Windows of Dark Shadows

Windows play an important role on Dark Shadows. The series’ opening scene, the scene literally first dreamt by producer Dan Curtis, shows new governess Victoria Winters sitting by a train window. When she looks out, we see only her phantom reflection floating in the darkness, and then the moon’s mysterious half-light. Together, the two images suggest the mystery of her past and her immediate future.

A dissolve shows us that same light illuminating Collinwood, the mysterious mansion that is her destination. Elizabeth Collins Stoddard stands at one of those windows and opens it wide, only to be chastised by her brother, Roger. He calls her a fool, “looking out in the night, waiting for someone who should have never been asked to come here in the first place.” As he grows angry, he asks, “Why don’t you just open the doors and let the whole town come trooping through the house?” We, the viewers, become voyeurs, peering through the window into a secret world where this wealthy family has long concealed its terrible secrets.

We rarely know what, if anything, Mrs. Stoddard sees through that window. We only hear the sound of wind and crashing waves. But the window light casts the shadows of moving leaves and ivy that stir clouds around her brow and breast, illustrating her desire for second chances in her tomb of a home. When Victoria stands alone at the Collinsport station, the leaving train flashes dark shadows across her face, illustrating that, just as they allow for light, windows create shadows of their own.

As this first episode ends, Victoria is ushered into the home, and Mrs. Stoddard closes the doors on the camera, sealing her in. Victoria Winters looks up at the stained glass at the top of the staircase, but we the viewers see her through Mrs. Stoddard’s shadowy window, now a part of the Collins’ family prison.

Throughout the series, from inside, the windows of Dark Shadows generally reveal only leaves in fog, reinforcing the sense of mystery and isolation. But from time to time, characters return to windows to look out of their haunted houses. When the Collins’ plant manager, Bill Malloy, disappears, before we learn of his death, Mrs. Stoddard returns to the window time and again, with her daughter Carolyn, with Victoria and with Roger, sensing that the worst has happened. The window is the place Mrs. Stoddard confronts a mysterious world she can’t control. When Sarah Collins disappears in the 18th Century episodes, Mrs. Stoddard’s historical counterpart, Naomi Collins, desperately worries over the fate of this little girl through this same window.

When the undead Barnabas Collins returns to the family fold, he takes up residence in the old house. He now looks out of his own window, holding a candle and peering out into the night. The sound of howling wolves answer his gaze. When he begins to take control of the girl who works at the diner, Maggie Evans, he does so from the vantage point of the window, staring straight into the camera. Like his literary ancestor, Count Dracula, Barnabas Collins has sight that reaches through the darkness. He has a frightening power the shows’ mere mortals (including its fans) lack when they look out into the world and contemplate its mystery. By this time, we too live in Collinwood, and like Mrs. Stoddard, we are trapped by a vantage point that offers no resistance to the supernatural.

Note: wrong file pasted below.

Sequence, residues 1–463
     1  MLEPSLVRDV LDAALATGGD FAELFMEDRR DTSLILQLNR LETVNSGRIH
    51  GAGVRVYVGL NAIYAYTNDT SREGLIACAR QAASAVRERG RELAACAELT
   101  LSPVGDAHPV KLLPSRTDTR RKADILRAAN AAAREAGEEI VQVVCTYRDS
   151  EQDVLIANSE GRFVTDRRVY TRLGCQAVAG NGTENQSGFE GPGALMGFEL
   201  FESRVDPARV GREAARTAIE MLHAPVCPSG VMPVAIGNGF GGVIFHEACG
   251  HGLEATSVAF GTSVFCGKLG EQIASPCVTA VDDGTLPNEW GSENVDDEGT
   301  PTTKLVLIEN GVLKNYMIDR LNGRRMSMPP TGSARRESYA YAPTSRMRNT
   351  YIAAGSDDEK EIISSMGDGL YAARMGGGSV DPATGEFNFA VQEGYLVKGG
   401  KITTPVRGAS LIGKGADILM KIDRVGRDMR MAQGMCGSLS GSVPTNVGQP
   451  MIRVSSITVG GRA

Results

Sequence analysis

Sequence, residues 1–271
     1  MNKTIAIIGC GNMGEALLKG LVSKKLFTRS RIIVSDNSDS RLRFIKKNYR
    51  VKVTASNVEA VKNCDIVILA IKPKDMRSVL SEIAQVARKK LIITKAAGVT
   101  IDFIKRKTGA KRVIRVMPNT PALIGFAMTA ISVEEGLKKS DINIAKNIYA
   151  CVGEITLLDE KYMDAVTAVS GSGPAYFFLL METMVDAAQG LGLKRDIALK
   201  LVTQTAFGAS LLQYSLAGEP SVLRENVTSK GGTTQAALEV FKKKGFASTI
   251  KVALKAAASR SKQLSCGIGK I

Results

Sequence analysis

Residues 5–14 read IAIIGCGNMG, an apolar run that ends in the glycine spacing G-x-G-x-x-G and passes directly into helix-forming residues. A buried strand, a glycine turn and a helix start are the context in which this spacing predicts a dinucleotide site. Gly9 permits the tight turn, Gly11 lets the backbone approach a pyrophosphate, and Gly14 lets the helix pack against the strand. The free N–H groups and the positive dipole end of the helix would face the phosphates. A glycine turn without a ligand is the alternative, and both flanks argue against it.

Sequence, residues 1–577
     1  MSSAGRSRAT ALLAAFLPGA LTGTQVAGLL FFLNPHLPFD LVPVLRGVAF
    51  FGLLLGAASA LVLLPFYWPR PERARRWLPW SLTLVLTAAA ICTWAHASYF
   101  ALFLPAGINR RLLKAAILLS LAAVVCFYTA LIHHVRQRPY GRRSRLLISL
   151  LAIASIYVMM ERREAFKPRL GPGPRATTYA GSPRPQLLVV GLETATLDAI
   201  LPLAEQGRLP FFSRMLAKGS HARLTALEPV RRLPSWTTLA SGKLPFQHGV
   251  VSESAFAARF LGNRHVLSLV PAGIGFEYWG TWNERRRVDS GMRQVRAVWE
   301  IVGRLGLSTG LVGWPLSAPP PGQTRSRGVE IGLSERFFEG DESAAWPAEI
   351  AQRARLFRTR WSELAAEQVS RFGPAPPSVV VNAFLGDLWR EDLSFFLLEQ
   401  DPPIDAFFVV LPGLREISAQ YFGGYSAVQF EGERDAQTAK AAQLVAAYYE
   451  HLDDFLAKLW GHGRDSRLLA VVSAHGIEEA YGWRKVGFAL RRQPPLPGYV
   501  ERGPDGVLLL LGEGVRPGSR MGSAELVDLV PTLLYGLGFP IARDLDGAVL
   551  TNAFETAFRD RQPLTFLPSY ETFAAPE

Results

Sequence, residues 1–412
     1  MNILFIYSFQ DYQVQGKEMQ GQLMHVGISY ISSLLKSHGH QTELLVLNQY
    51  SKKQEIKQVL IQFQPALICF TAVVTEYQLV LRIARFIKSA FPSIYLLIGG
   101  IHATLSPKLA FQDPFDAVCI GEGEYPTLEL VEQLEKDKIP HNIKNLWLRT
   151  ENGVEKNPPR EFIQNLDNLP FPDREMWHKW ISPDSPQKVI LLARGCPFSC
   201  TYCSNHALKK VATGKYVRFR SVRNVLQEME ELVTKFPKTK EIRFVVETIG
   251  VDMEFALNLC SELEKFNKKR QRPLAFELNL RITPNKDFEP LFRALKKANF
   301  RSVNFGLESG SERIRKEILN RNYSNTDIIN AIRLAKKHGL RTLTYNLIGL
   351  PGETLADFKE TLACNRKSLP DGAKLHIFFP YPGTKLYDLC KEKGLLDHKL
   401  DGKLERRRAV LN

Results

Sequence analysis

1. Tammy says:

    Very good way of describing it. It’s been a long time since I watched the series, but with some good recalled scenes, this really adds to the connection we all felt when we first started watching the soap opera. These were well trained actors working on a small stage, that wasn’t big enough for their personalities. Always the window and the ‘dark shadows’ were their connection. Even if some stories were never fully developed to find our answers, that’s what made us tune in every week. I don’t know why it was cancelled, could have been the ratings? But I think it had plenty of viewers. So glad I was among them. :)

  2. MaryMRevis says:

    Oh my such PERFECT analogy of the typical Dark Shadow viewer. One DOES feel like a voyeur peering into their world..and loving every minute of it!. Nicely done article!

  3. Hidoll22 says:

    This picture is when he would look out the window when he was luring Maggie into his cold, damp creepy house. I always thought he looked scary doing this. Maybe it was the combo of the moon and the candle behind him

  4. Thank you for these comments. I really appreciate it!

  5. Robert Sharp says:

    Nice analogy. Don’t forget the scene (actually shot on location on film) of Roger driving his car away from Collinwood and young David staring out the window, knowing that he had tampered with his father’s car’s brakes.

  6. Terri Cabral says:

    I am currently going through the series again on DVD. I’m at the 8197 sequence. That was a very nice analogy. Good article.

  7. Paula Kate Prince-Meserole says:

    Excellent. I loved the sheer poetry of this piece. Bravo!

  8. Scarlette says:

    You nailed it!!
    We are currently watching ALL the re-runs at and you are SO right. They play a HUGE role in the mysteriousness of the entire show! Excellent analogy!

  9. D.W. says:

    Yes indeed… having to see Barnabas forlornly send out hypnosis vibes through that lattice frame, we dubbed it his “staring window”. ^_^

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